The University of Maryland’s Sikh Student Association set up in Hornbake Plaza on Monday afternoon educating students about the Sikh religion while placing a turban on students who volunteered.
The group mentioned that the majority of people seen wearing turbans are of the Sikh faith. About 60 percent of Americans don’t know anything about the 500-year-old religion, according to a study from the National Sikh Campaign.
Amanpreet Kaur, a sophomore psychology major, said numbers like those contribute to why the group planned its first ever Turbans for Terps event on this campus.
“[We wanted] to raise awareness about the turban and its significance to the Sikh faith,” she said. “It is the fifth-largest religion in the world, however, not many people know about it so we thought we’d make a huge event out of it. It doesn’t signify something bad, it doesn’t signify hate. It signifies standing up for justice, peace and just being loving.”
The tent was set up for four hours during the day, and Kaur said the group saw more than 100 students, both men and women. Most were even more interested in trying on a turban than eating the free food the group distributed.
“This is my first time ever [getting a turban],” said Neilesh Sud, a freshman enrolled in letters and sciences. “I’m a Hindu, just out here supporting the cause.”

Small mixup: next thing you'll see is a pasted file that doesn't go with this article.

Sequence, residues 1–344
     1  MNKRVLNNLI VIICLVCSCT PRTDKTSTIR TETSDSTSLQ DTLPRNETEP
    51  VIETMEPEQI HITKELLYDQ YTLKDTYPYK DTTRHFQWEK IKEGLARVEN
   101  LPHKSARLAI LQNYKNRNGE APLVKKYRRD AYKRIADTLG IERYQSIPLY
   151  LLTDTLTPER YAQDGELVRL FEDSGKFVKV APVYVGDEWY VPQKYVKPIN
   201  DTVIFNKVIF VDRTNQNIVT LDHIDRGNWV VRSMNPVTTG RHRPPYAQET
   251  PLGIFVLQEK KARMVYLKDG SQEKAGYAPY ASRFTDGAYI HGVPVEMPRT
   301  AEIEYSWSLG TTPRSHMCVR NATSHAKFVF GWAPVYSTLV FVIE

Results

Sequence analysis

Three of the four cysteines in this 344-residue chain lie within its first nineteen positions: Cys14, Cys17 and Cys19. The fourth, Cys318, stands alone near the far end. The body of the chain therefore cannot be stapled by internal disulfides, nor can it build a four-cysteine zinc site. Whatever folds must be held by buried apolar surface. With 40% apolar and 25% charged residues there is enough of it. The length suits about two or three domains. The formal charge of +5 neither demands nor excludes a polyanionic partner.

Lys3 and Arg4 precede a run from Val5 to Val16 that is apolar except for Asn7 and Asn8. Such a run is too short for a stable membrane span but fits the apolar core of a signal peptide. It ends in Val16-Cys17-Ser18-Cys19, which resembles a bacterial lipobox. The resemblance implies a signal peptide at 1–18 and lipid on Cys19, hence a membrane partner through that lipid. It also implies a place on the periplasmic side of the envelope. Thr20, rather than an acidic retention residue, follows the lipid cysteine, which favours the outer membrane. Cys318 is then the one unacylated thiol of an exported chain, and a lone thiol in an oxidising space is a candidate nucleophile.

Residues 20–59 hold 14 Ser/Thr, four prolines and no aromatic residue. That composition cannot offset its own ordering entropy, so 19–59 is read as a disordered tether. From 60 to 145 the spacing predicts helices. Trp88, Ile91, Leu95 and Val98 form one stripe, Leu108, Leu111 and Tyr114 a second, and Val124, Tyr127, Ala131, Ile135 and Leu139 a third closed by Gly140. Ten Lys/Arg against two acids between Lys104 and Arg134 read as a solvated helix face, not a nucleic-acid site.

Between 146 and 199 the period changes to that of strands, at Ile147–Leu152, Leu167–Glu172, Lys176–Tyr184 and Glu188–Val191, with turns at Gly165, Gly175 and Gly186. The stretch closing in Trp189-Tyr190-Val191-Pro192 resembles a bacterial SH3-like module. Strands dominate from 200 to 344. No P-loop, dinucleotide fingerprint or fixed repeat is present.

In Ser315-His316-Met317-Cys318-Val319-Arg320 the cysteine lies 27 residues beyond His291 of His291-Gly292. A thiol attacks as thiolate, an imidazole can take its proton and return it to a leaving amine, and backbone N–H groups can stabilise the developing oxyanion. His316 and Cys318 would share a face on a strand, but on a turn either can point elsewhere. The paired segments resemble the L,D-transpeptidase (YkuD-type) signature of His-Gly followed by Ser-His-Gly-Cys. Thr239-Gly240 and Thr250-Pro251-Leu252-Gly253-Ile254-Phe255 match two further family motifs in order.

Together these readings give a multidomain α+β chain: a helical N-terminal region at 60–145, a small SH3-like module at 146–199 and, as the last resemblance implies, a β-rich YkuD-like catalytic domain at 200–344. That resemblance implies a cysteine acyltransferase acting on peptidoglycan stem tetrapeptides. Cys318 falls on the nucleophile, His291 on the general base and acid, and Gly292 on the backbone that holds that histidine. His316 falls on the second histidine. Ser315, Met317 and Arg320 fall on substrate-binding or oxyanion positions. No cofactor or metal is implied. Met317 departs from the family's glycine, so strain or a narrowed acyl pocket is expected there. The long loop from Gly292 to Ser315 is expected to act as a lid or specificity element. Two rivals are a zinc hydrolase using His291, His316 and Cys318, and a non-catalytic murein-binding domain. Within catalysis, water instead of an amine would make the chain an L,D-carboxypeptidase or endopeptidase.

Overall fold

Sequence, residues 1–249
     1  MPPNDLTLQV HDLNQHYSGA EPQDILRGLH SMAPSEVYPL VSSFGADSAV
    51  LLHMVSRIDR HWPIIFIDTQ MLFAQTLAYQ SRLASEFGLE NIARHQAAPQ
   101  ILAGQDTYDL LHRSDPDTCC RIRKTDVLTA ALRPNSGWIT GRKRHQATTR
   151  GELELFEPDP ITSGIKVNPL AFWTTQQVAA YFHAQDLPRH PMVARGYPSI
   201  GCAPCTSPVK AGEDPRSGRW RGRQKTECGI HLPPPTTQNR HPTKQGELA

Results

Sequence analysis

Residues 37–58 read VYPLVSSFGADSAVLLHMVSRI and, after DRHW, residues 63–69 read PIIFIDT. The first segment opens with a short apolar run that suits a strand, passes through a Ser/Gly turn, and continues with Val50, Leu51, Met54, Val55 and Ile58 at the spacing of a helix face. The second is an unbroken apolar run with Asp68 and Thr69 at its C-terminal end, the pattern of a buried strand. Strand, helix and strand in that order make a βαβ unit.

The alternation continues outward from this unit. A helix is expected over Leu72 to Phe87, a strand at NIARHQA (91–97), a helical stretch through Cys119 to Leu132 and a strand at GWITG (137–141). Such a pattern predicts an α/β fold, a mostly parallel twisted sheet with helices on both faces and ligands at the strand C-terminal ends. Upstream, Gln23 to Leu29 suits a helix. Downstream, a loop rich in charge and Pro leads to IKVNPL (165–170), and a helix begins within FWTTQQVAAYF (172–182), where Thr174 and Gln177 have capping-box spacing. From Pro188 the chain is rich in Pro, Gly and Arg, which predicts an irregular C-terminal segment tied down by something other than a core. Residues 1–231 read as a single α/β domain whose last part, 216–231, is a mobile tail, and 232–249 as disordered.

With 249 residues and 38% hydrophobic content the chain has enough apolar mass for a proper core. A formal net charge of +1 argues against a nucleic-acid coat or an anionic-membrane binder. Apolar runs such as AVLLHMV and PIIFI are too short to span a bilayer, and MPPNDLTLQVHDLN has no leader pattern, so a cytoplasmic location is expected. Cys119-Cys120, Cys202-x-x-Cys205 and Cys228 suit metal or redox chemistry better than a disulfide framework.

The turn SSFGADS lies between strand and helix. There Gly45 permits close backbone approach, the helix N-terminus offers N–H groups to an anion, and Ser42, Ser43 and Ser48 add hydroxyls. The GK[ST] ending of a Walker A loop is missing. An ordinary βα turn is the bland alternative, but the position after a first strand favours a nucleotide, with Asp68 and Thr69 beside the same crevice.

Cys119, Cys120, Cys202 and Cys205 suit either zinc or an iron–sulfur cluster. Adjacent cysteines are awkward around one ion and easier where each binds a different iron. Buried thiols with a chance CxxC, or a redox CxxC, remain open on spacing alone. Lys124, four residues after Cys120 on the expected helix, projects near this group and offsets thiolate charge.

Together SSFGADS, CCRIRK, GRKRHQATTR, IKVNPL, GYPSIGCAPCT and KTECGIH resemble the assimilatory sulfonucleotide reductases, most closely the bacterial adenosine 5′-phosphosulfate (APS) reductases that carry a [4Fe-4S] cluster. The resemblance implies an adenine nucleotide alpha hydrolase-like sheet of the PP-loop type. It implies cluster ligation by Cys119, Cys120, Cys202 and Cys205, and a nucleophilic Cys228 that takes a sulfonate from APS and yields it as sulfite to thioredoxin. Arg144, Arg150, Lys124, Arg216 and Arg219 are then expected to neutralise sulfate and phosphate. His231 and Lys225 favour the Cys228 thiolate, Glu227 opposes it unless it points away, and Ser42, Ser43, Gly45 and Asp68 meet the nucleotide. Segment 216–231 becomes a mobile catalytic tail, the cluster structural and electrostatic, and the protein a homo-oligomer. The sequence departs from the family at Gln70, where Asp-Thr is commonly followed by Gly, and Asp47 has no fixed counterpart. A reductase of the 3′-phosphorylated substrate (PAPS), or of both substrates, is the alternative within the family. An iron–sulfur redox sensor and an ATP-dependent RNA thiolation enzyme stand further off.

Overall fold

Turbans for Terps had one goal: to educate people about the religion and counteracting negative preconceptions, Kaur said. All Sikhs who take Amrit — an initiation ceremony into the religion — must carry around five articles of faith, known as The Five Ks, one being Kesh, or uncut hair.
In the religion, letting hair grow out naturally is an important way to show devotion to their God, and the men wrap long hair in turbans to protect it.
Gurdev Anand, a member of the Sikh Student Association at the University of Maryland, Baltimore County, helped put the traditional turbans on guests at the event. The process of putting on a turban properly can take about five minutes at a time, he said.
Anand said he has been wearing a turban since he was 3 years old, and it has become an extension of his personality, as it does for many.
“However you see yourself is how you wear your turban,” Anand said. “I have some friends that are really out there, flamboyant and hyperactive, and you can see that in their turbans with bright colors and patterns.”
In Punjab, the only Sikh-majority state in India, cities will have different styles of the turban and these styles are “like accents for turbans,” Anand said. He said he experimented a lot in high school with how to wear the turban himself.
Serving food to worshippers and guests in the Gurdwara, a Sikh place of worship, is another major tenant of the religion. The Sikh Student Association wanted to make sure it conveyed that principle at the event.
“It was volunteers with the Sikh Student Association [that made the food],” Kaur said. “We had Punjabi baked goods such as a samosa, jalebi and milk cake. A key point is that the food is all completely vegetarian, so that it would be able to equally serve everyone.”